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Brains filled with equations - 75%

autothrall, February 2nd, 2011

With Robert Kampf leaving the band's affairs to focus on his fledgling Century Media Records, Despair acquired a new vocalist in Andreas Henschel, who was clearly a more practiced front man with a melodic tone capable of both aggressive thrash and flighty power metal, even going so far as to emulate James Rivera's Helstar howling on a number of the tracks here. The band also picked up a dedicated bass player in Klaus Pachura, and a more technical, melodic direction was initiated in the compositions. Decay of Humanity is mildly superior to the debut in many ways, but probably the most notable would be the production, which is glossy and clear throughout the entire album, letting the thin, labyrinthine processions of the guitars to truly shine.

It's best to think of this as tech power/thrash in the same school as Realm, Toxik, Watchtower and Mekong Delta, but Despair aren't necessarily as explosive or well thought out as any of those bands, and as such there are very few individual tracks that really engross me. However, the sophomore is extremely consistent, never slumping as it weaves through a metric fuck ton of guitar riffs, all delivered in a discourse of cerebral force that is rarely broken with a falsetto cry or surgical tech flurry. Tracks like "Cry for Liberty" and "Victims of Vanity" have their pure, thrashing moments, while Henschel soars across the crest, but I prefer the more progressive elements found in the shifting of "Radiated" and the epic crawling of "A Distant Territory", which segues into tasteful clean guitars and almost Ray Alder-like vocals between bouts of surgical momentum.

It's not quite as good as 1992's Beyond All Reason, but it definitely sets the stage for that career highlight, not to mention it's one of those rare albums which you can just sit straight through, 40 minutes of thought craft, decent lyrics and variation that should most appeal to the prog/thrash sect. Despair didn't exactly strike gold here, but the album is good enough that it should have brought them a little more attention, especially when you consider that their former singer was running their label. But in the end, the multitudes so rarely pay respect to anything that requires even a tint of ponderous observation, and smart and 'semi-smart' records like this wind up in the clutches of but a few open souls.

-autothrall
http://www.fromthedustreturned.com

Not bad, but not worth a lot - 70%

PowerMetalGuardian, May 22nd, 2004

Best way to sum up this album is as follows: Thrash metal with different vocals and repetitive songs. Now, allow me to explain. Decay of Humanity is a heavy thrash album. It's unique style of fast riffs and drum beats accompany this. I would say Despair sounds similar to Anthrax, or at least close to that style of thrash metal. The music is very mixed up, and random musical things happen...well randomly. For example, the song A Distant Territory features a cool bass intro, but then the bass really is not featured in the rest of the album.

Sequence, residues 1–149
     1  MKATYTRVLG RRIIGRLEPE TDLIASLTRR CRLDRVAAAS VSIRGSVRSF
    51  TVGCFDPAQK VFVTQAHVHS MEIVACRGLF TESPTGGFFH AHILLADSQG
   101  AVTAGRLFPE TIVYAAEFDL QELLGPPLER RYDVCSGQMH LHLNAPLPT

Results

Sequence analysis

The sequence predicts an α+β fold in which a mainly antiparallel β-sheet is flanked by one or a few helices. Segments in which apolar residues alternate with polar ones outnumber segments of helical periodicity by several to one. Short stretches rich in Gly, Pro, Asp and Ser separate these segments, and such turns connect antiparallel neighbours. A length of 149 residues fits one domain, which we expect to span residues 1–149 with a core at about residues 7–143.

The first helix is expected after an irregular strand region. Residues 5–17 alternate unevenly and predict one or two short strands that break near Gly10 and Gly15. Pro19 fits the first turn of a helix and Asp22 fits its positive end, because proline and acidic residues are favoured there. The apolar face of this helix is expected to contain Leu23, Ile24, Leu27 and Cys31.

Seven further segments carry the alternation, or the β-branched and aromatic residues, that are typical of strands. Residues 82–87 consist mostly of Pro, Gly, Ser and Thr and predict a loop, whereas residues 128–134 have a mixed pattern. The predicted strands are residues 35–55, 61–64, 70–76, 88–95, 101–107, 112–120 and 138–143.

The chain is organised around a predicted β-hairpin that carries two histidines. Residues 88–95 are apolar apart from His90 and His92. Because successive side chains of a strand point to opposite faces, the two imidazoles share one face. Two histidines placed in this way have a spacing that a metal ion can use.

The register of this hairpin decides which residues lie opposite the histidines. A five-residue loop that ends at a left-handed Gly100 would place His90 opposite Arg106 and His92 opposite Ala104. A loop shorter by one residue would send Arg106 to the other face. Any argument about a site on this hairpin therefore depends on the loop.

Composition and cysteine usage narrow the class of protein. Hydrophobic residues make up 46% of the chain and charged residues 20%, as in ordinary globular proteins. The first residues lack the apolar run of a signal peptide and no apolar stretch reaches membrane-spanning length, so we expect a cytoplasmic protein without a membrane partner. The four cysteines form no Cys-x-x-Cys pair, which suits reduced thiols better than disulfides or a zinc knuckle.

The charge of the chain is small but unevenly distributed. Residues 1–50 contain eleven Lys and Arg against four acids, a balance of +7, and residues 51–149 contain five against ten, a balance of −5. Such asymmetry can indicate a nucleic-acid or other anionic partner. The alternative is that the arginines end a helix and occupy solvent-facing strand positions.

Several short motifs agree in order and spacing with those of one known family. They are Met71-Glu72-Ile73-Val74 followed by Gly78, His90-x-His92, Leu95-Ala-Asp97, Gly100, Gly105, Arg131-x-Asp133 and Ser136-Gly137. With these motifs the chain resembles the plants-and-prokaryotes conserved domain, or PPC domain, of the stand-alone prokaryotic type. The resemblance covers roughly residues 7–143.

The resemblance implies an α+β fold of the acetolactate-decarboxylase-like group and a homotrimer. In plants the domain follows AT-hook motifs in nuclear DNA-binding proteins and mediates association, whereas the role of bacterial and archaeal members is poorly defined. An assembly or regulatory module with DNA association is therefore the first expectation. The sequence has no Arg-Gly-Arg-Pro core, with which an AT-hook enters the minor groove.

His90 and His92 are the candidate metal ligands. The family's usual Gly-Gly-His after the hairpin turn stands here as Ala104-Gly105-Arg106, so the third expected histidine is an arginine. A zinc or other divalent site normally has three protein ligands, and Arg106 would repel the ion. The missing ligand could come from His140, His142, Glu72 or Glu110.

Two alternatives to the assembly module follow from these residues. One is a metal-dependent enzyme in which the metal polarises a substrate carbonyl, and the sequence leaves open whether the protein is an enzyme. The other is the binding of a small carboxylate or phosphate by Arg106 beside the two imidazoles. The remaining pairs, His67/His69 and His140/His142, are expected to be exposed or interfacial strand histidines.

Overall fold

This act of randomness is definitely present in the vocals, which are very strange. On some songs he has a very deep vocal performance, similar to Testament (ex. Silent Screaming). Then on some songs the singer goes for a growling type death vocals, like on the song Decay of Humanity. Other times he gets really high and sounds like Kai Hansen, like on Cry For Liberty. It's like this guy could not make up his mind on how the vocals should be.

For the most part the riffs are very repetitive, which makes this album boring at parts. There are a couple riffs worth mentioning like the intro riff to Silent Screaming. Other than that the album blends together. There are some really good songs on this album, and if you listen to it a couple times in a row, or maybe once a day for a week this album might slide up in your top 30 thrash albums of all time. The difference in the song structure and singing does add a little flavor. All metal heads should at least check this one out, but it's definitely not worth spending a whole lot of money to get.

Kinda boring midpaced thrash - 40%

UltraBoris, May 5th, 2004

I think they're trying to go for the technical/melodic sound here, because at times they're sounding a wee bit like middle-era Death, with both the good and bad points of that band. Of course, the vocalist isn't nearly as Chuck, but the use of slightly offbeat song structures with lots of changes, while the tempo stays mostly the same reminds me of ITP.

That said, this is a far thrashier album - in fact, it falls squarely into the thrash genre, and the real closest comparison I can make is the more obscure bands Flaming Anger (Germany, 80s) and Wartime (Bulgaria, 00s), except both of those are more interesting.

Therein lies the problem with this album. It's boring. All the songs run together. There's a few cute moments here and there like the melodic guitar solo sequence in Victims of Vanity, to name one example, but in general... ehhh... there's really not much here. Sometimes they try too hard, throwing in for example an acoustic break in A Distant Territory. But while ambitious in the use of random ideas, it doesn't work on an actual songwriting level. Again, the whole thing is pretty much one speed, and that speed is blah. This lacks the absolute chaos of Watchtower, the riff nightmare of Time Does not Heal, or the death-metal sensibility of Atheist or even middle-Death...

It's worth maybe one or two listens, but after that it is completely expendable.